Nearly 400 years after the first Thanksgiving, the Navajo and Hopi are fighting the coal industry for rights to their land.
Nov 22, 2012
(Canadian Press via AP Images)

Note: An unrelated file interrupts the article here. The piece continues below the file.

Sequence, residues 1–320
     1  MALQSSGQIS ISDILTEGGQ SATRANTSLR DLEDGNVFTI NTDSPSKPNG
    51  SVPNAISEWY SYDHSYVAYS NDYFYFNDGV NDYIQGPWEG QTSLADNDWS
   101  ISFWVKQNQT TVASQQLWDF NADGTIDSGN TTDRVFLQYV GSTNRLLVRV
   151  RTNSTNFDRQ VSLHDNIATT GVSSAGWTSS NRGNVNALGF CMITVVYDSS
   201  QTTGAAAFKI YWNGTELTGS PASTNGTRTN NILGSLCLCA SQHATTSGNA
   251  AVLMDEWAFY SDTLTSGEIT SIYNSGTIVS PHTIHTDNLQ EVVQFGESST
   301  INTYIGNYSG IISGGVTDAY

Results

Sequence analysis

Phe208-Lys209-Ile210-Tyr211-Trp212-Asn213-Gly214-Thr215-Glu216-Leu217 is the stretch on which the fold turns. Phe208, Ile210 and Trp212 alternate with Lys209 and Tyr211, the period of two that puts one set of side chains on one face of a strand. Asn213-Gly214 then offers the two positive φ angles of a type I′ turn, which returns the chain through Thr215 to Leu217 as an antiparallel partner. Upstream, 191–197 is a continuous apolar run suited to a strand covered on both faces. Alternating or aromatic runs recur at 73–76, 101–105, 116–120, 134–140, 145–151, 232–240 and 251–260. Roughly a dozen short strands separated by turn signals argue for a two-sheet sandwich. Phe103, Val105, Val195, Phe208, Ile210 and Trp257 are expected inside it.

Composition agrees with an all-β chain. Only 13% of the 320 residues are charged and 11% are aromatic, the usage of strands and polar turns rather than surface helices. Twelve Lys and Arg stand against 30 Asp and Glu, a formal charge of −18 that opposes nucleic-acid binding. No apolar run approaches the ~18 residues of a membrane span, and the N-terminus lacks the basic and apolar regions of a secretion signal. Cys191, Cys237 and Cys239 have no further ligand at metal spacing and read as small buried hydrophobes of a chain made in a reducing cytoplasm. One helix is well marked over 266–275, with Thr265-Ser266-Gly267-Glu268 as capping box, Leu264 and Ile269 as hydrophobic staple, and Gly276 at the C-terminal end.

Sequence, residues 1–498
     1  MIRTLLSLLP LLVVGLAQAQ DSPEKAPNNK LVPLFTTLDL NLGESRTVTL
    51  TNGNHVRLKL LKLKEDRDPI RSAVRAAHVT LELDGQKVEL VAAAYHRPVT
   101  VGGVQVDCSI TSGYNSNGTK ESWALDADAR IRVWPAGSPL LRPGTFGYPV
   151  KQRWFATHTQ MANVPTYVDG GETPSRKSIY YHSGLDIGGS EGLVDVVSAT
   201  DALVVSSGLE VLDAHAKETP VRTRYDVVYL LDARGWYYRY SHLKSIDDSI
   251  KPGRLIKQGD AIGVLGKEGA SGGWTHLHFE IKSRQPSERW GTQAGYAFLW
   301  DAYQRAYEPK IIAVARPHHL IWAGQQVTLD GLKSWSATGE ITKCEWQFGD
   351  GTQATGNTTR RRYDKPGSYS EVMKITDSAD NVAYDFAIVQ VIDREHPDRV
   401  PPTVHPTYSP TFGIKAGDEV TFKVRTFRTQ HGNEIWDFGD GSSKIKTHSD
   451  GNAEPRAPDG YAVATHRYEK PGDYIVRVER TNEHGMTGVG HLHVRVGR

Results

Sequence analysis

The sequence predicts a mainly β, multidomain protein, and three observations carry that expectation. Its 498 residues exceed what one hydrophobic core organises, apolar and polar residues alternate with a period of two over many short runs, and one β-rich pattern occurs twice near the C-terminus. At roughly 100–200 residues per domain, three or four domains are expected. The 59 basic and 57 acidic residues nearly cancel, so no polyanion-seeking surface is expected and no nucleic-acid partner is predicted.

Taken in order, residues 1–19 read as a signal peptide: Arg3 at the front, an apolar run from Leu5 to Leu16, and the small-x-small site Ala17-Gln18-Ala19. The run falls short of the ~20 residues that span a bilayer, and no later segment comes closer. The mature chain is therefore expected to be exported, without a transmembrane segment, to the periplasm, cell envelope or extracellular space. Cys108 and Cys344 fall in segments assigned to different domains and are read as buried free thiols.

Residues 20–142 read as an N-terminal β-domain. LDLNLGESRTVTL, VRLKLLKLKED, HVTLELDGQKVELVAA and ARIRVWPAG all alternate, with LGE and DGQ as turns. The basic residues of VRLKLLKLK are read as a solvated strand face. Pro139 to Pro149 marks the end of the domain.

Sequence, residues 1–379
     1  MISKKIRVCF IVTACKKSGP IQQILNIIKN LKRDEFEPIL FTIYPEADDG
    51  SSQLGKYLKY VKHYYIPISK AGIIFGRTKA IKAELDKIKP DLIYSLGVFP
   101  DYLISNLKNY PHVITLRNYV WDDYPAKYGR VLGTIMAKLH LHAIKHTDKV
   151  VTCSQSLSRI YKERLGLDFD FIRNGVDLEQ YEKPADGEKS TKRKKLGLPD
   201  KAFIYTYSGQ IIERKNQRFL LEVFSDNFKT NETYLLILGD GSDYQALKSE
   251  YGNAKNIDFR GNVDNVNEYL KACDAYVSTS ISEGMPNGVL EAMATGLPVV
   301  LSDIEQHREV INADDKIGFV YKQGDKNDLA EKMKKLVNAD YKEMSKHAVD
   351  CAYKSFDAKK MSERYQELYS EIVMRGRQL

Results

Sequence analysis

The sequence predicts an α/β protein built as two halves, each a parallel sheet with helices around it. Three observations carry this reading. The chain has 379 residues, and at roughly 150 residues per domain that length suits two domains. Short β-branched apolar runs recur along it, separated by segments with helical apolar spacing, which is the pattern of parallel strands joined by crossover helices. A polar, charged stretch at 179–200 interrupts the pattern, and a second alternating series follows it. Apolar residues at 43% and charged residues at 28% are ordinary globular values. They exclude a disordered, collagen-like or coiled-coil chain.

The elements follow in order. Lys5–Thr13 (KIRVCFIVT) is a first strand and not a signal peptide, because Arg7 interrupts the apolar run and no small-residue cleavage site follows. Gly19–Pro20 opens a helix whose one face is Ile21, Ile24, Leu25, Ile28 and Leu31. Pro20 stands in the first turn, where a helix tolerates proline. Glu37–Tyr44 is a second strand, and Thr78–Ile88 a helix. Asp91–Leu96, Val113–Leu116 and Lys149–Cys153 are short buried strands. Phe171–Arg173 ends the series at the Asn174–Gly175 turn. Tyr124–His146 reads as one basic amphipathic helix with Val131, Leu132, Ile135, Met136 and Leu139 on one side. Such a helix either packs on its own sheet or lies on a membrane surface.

Five years after the Wampanoag tribe shared a three-day feast of maize, venison, eel, and shellfish with a hapless group of English separatists in Plymouth, Massachusetts, the Dutch governor of New York bought the island of Manhattan from the Canarsie tribe for $24 worth of gold. This week, thousands of New Yorkers will fly out of La Guardia for Thanksgiving, and those fortunate enough to do so in the evening will enjoy a spectacular view of the return on that investment; phosphorescent skyscrapers and over a hundred thousand streetlights trace a real-estate market valued at just under $1 trillion. Nowhere else has the memory of conquest been so thoroughly blotted out, and perhaps as an extension, nowhere else is a history of non-native influx more central to a city’s identity. But the transfer of title is not so complete in many parts of the country. At the Department of the Interior in Washington last week, where a tarpaulin banner on the portico façade encouraged visitors to “Celebrate Native American Heritage Month,” Secretary Ken Salazar commemorated our country’s original occupants in classic fashion: he hosted a land dispute between Native Americans and colonizers.